Three weeks ago, before it started to seem like Thomas Dillard belts a home run every time he steps to the plate, he sat alone in a Georgia hotel room, looking dejected and feeling unsatisfied.
The first-year Oxford catcher/outfielder, who is committed to Ole Miss and has MLB scouts flocking to Chargers games, went 0 for 3 in a 4-1 win on March 10 against McEachern (Ga.) during the Perfect Game Showdown.
His batting average dropped to .269 (7 for 26).
Oxford coach Chris Baughman, while gathering dirty uniforms and clothes from the room that day, noticed Dillard’s demeanor.
The Clarion-Ledger Dandy Dozen selection was pressing — and it was written on his face.
He wanted to help lead his new high school team, he wanted to validate committing to Ole Miss and he wanted to impress MLB scouts, including a few who believe he will be the first high school player from Mississippi this year selected in June. Instead, Dillard disappointed himself.
“I saw it taking a toll on him,” Baughman said. “He was putting added pressure on himself.”
So Baughman offered a message.
“You are a kid one time in life and just play and enjoy it,” Baughman recalled telling Dillard. “You came here for a reason and that was to enjoy a ride. Ole Miss, a college career, the draft status, a MLB career … all of that is going to come because you are too good and work too hard. But don’t regret putting too much pressure on yourself and missing out on your senior year of high school.”
It was apparently all Dillard needed to hear. After that game, Dillard switched his batting stance slightly so that his hands were higher and started swinging at better pitches, but more importantly, he was freed to have fun.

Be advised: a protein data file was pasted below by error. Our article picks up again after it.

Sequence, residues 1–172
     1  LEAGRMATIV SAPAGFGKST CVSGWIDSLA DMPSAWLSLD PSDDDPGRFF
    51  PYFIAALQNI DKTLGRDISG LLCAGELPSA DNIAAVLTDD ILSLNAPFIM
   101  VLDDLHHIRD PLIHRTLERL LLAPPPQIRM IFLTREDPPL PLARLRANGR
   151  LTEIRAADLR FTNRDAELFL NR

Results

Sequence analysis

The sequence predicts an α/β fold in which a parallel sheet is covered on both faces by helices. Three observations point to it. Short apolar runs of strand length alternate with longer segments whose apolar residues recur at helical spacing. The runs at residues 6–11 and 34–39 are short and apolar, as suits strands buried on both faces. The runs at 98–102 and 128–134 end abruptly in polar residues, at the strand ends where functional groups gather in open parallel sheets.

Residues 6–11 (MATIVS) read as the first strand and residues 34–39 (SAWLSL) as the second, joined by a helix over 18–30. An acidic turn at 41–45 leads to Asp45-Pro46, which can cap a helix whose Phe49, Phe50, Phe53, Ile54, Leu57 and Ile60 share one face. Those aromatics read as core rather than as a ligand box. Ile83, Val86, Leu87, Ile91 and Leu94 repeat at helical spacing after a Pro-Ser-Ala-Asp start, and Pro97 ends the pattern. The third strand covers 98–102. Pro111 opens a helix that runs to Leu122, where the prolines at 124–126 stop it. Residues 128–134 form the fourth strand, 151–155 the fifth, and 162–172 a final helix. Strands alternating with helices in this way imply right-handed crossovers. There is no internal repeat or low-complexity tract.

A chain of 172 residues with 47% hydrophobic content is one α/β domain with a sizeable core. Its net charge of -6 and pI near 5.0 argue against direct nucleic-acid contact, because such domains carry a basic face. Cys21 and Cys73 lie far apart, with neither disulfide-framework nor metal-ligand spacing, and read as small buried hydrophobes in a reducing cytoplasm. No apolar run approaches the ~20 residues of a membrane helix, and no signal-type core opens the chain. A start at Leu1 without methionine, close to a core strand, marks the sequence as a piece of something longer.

And then dominate.
Since that game, Dillard, who moved from Memphis this summer to Oxford, where his two older sisters live, is 19 for 37 (.514) with seven home runs. Dillard is batting .413 with a .519 on-base percentage. He has nine homers, which is good for third in the nation — according to MaxPreps — and 26 RBIs.
Oxford, a favorite to win a state title, is now 15-5 heading into Tuesday’s game against visiting West Point.
Wait, there’s more.
Dillard has twice hit two home runs in the same game.
He belted one against Lafayette that Baughman estimates traveled 475 feet. Yes, really.
“I’m serious,” Baughman added. “It was the longest ball I’ve ever seen anyone hit in-person. It hit a tree that is 100 feet away from the wall.”
Dillard’s most recent blast, a laser last Tuesday against Saltillo, dented Oxford’s scoreboard in left-center.
“It was like watching a really good golfer tee off at a professional golf tournament,” Baughman said. “The ball exploded and then in mid-air it takes off. As soon as it got to the outfield, it started going up until it hit the scoreboard. He continuously amazes all of us.”
That includes professional scouts. One who was interviewed for this story said it’s too early to project where Dillard would be chosen, but the expectation is for it to be in the early rounds. That would leave Dillard with an interesting decision to make: Go to Ole Miss — where his grandfather, Wilson Dillard, played running back in the 1950s, and where a few of his high school teammates are also committed — or get a jumpstart on a potential professional career.
“Passing up college to go play in the MLB … that’s something that you can’t deny is a cool idea,” Dillard said. “But playing at Ole Miss has always been a dream of mine so we’ll have to see when we get there. It would be awesome to play four years at Ole Miss in front of the best fans ever.”
That decision, as Dillard has learned, can wait. For now, he’s too focused on having fun.